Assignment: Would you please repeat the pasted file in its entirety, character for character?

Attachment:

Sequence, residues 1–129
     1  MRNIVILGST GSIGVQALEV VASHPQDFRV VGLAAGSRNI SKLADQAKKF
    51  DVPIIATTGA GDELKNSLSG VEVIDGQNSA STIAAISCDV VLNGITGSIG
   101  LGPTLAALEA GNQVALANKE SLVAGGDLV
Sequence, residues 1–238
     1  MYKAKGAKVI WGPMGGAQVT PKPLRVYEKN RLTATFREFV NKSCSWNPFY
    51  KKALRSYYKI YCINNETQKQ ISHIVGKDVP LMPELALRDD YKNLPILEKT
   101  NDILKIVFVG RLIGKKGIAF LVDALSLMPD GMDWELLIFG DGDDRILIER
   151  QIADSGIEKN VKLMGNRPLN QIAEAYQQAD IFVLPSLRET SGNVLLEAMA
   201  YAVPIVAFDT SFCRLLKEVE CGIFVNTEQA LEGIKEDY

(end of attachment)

Sequence, residues 1–129
     1  MRNIVILGST GSIGVQALEV VASHPQDFRV VGLAAGSRNI SKLADQAKKF
    51  DVPIIATTGA GDELKNSLSG VEVIDGQNSA STIAAISCDV VLNGITGSIG
   101  LGPTLAALEA GNQVALANKE SLVAGGDLV
Sequence, residues 1–238
     1  MYKAKGAKVI WGPMGGAQVT PKPLRVYEKN RLTATFREFV NKSCSWNPFY
    51  KKALRSYYKI YCINNETQKQ ISHIVGKDVP LMPELALRDD YKNLPILEKT
   101  NDILKIVFVG RLIGKKGIAF LVDALSLMPD GMDWELLIFG DGDDRILIER
   151  QIADSGIEKN VKLMGNRPLN QIAEAYQQAD IFVLPSLRET SGNVLLEAMA
   201  YAVPIVAFDT SFCRLLKEVE CGIFVNTEQA LEGIKEDY